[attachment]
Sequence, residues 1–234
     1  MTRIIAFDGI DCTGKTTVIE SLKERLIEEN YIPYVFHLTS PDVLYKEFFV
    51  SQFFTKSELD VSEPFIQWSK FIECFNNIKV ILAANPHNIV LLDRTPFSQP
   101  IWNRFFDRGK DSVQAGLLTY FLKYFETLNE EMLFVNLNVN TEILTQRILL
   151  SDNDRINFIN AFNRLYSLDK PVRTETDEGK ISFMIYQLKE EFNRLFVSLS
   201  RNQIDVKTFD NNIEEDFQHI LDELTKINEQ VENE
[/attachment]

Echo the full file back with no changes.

Sequence, residues 1–234
     1  MTRIIAFDGI DCTGKTTVIE SLKERLIEEN YIPYVFHLTS PDVLYKEFFV
    51  SQFFTKSELD VSEPFIQWSK FIECFNNIKV ILAANPHNIV LLDRTPFSQP
   101  IWNRFFDRGK DSVQAGLLTY FLKYFETLNE EMLFVNLNVN TEILTQRILL
   151  SDNDRINFIN AFNRLYSLDK PVRTETDEGK ISFMIYQLKE EFNRLFVSLS
   201  RNQIDVKTFD NNIEEDFQHI LDELTKINEQ VENE